Upper Township Middle School's teacher Shelley Forsman sat down recently to speak about being named the 2012-13 Cape May County Teacher of the Year. But instead of taking about her honor, she spent most of interview gushing about the school's students and staff.
"Here, where I teach, this is Disney," she said. "This is a great place to teach, and I couldn't really be here without them. I think this title represents all of us. We have so many things here to show for it, and we're just little Upper Township in Cape May County. Those other big counties like Warren County and Hudson County have access to more money than we'll ever have, but our little school puts out the best kids, who go on to do great things."
Forsman and the other 20 county teachers of the year, plus the state facility teacher of the year, are in the running for state teacher of the year. The winner is scheduled to be named today at the state Board of Education meeting.
Forsman has been teaching language arts at the school for the past 30 years. But more than teaching reading and writing, she teaches her students how to have fun and have confidence in themselves.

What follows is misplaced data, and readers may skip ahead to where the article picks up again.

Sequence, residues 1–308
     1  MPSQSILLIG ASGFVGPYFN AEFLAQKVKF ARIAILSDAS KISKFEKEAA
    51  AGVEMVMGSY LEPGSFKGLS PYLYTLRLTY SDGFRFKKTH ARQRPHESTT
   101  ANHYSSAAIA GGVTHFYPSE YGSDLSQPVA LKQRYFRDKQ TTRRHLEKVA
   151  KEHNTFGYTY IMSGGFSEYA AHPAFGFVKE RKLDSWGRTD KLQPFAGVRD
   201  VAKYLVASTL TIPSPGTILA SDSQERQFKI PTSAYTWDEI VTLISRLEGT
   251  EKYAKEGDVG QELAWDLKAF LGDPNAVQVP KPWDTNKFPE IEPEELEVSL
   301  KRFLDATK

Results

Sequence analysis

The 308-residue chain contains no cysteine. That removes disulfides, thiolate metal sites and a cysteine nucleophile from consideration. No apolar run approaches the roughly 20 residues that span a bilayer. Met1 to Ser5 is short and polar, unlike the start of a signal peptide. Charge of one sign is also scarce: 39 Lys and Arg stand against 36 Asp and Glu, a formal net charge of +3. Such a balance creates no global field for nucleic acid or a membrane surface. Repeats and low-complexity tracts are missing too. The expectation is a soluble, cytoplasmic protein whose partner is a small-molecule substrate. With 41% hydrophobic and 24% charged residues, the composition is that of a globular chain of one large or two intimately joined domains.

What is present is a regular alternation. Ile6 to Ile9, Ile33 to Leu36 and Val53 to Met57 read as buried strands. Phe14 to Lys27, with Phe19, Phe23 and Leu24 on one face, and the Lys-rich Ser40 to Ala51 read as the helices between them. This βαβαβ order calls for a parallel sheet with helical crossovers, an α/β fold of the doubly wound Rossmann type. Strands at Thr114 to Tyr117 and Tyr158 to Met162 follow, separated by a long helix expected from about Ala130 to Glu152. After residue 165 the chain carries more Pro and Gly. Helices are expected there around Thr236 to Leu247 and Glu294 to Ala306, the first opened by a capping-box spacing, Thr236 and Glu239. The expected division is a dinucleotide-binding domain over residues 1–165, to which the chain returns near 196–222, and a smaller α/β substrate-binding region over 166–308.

"Never take yourself too seriously, and never let somebody tell you that 'you can't,'" she said. "To me, being a teacher is a little bit of mothering, a little bit of teaching, a little bit of friendship - it's a little bit of everything. I go to games on Saturdays, school dances. I've been to recitals and birthday parties. Middle school is hard enough; you have to make it fun."
Upper Township Middle School Principal Ken Barth said Forsman's actions are evidence she cares deeply about the school. Despite being one of the more seasoned teachers, she's always open to change and is always learning and inspiring others, he said.
"If you don't learn and you don't change, you're never going to reach the children," Forsman said.
Forsman said, for her, the best benefit of the holding the title of County Teacher of the Year is having the opportunity to inspire others.
"(The New Jersey Educational Association) has given us this exposure and lots of 'thank yous' and they're saying 'Come to Princeton and be a part of the changes that are happening with the teacher evaluation process,'" Forsman said. "They are turning to us and saying, 'What can we do to make it better?' and so many times they don't ask the people who are doing the job. They've taken all 21 people and said 'You can make a difference. You have exposure to so many people' - children, their parents."
She said it's an empowering feeling to be part of crew of teachers who share the same love for their profession.
"You're surrounded by all these people who believe everything you believe, who do everything you do," she said. "This is recognition and validation that what you've done is appreciated, and it's very humbling."
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